Another problem of subject-verb disagreement arises when the subject of the sentence is a group noun, also called a collective noun, that is, a word describing a bunch of people or things, such as group, team, majority, and many others.
The question inevitably arises: Does the collective noun group, team, or majority take a singular or plural verb? The answer, no doubt, will surprise many.
And the answer is?
Sometimes singular, sometimes plural.
The collective noun takes a singular verb when you use it to refer to the group of people or things acting collectively as a whole, as a unit. Look at this group acting as a unit:
When the group acts as a unit, you must use a singular verb. But suppose the members of the group are necessarily acting individually. Suppose, from the sense of the sentence itself, the group could not possibly act as a unit; instead, all the members of the group are individually doing something. In this case, the collective noun takes a plural verb. Thus:
The team of surgeons have gone home.
The majority of courts has upheld the right of privacy found in Roe v. Wade. The majority of courts have upheld the right of privacy found in Roe v. Wade.
Here the verb should definitely be the plural have upheld, for the courts did not get together and act as a group, as a whole, as a collective noun. Instead, they acted quite individually, incrementally over time producing a majority view.
Though it probably will come as a surprise, the collective noun takes the plural verb even without the plural-sounding prepositional phrase (of surgeons or of courts). Thus, the following sentences from The Oxford Guide to Writing at p. 768 show proper usage.
In the first example, the team as a unit will leave tomorrow. But in the second example, individual members of the team are individually dressing. The singular team does not wear one great big uniform.
Click page 2 below. Redesign the Sentence?
Frankly, I would try to avoid having to say such correct things for one simple reason: The majority think that the plural is incorrect. I would adhere to the rule but incorporate the prepositional phrase to make it sound plural. I would write, therefore: The majority of readers think that the plural is incorrect.
To totally get rid of the problem, you can easily rewrite the sentence with a plural noun. Though the following is correct, you might want to redesign the sentence:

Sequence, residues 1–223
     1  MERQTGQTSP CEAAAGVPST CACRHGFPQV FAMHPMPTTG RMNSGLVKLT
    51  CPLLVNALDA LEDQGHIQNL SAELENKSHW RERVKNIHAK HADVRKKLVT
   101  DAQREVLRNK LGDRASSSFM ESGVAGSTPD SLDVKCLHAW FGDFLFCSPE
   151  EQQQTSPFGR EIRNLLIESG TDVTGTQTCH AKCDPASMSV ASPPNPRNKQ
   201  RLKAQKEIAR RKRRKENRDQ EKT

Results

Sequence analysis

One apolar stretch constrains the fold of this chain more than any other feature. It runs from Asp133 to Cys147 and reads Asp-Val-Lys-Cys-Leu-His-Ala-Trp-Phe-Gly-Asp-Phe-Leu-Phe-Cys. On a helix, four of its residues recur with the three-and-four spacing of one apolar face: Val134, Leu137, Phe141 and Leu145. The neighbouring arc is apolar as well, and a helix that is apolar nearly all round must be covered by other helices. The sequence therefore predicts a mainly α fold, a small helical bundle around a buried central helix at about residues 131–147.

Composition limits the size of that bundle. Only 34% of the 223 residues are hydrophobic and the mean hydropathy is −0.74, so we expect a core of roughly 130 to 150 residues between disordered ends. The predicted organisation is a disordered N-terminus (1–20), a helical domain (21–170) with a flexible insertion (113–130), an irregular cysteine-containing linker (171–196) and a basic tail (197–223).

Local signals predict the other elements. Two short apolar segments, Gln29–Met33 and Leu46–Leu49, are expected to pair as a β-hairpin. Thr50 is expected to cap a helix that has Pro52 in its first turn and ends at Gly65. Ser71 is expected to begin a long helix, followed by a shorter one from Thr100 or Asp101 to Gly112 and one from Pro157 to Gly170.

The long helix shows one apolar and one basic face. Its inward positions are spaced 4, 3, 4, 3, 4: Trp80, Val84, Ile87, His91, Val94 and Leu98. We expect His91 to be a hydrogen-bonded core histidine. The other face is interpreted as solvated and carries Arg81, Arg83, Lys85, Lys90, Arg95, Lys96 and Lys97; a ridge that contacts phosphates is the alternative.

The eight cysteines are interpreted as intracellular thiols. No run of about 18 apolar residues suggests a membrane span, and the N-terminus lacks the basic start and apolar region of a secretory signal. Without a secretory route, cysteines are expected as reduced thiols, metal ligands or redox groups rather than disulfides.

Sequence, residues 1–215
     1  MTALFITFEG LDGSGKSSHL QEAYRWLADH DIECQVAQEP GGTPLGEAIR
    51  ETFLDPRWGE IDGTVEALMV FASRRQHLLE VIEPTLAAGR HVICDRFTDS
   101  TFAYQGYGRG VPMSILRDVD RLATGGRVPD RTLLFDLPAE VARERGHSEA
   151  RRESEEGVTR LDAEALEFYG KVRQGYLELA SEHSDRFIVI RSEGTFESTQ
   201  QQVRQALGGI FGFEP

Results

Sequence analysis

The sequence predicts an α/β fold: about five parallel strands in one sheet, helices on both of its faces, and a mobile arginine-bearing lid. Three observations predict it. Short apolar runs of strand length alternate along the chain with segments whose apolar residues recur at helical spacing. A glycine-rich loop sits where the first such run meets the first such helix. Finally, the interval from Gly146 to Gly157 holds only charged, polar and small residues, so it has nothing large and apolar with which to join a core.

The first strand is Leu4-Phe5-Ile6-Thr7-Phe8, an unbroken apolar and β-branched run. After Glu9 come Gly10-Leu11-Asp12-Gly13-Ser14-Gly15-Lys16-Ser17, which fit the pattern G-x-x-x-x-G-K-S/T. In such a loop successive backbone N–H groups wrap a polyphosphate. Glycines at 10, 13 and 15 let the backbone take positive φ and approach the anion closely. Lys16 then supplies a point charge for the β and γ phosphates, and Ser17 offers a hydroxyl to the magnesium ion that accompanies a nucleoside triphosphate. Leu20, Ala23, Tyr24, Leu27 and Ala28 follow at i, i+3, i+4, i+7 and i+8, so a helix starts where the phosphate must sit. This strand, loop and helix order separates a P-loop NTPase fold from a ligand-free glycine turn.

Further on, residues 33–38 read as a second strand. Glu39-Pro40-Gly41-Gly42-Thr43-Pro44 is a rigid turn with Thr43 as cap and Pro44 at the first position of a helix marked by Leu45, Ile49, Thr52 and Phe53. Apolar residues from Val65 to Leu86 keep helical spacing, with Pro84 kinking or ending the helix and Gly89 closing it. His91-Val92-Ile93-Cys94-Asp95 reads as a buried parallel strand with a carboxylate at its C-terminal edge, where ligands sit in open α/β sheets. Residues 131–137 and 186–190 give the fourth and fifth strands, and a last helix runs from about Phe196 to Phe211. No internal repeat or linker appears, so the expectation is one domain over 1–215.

The orchestra have gone home.
The orchestra members have gone home.
Again, The Rule
So let me briefly restate the rule:
When the collective noun acts as a single unit, it does so with a singular verb. But when the collective noun necessarily is acting through the individual acts of its members, it does so with a plural verb.
Here is a partial list of collective nouns: committee, company, clergy, group, family, flock, majority, people, band, and team.
And here are two more examples to flesh out the rule. Each of the following statements is correct:
The group of citizens wants to exert its influence. The group acts as a unit.
The group of citizens were waiting to vote. The citizens individually waited to individually vote.
The majority of Senators passes the resolution. The majority acts as a unit.
The majority of Senators have made similar “fact-finding” trips. They didn’t travel as a unit; they went individually.
A large majority of Senators—Thursday’s procedural vote went 70 to 30—appears to believe that NAFTA’s provisions on trucking across the Mexican border need not be implemented promptly. “NAFTA in Trouble,” The Washington Post, July 29, 2001, p. B6.
See the difference? When the group acts as a whole, the verb is singular. When the individual members of the group are acting individually, the verb is plural.
Another problem merits some attention. The rule of number shows up not only in verb forms but in later pronouns referring back to the collective noun. Make certain that you do not use both singular (verb) and plural (pronoun) references in the same sentence. The following are distinctly ungrammatical: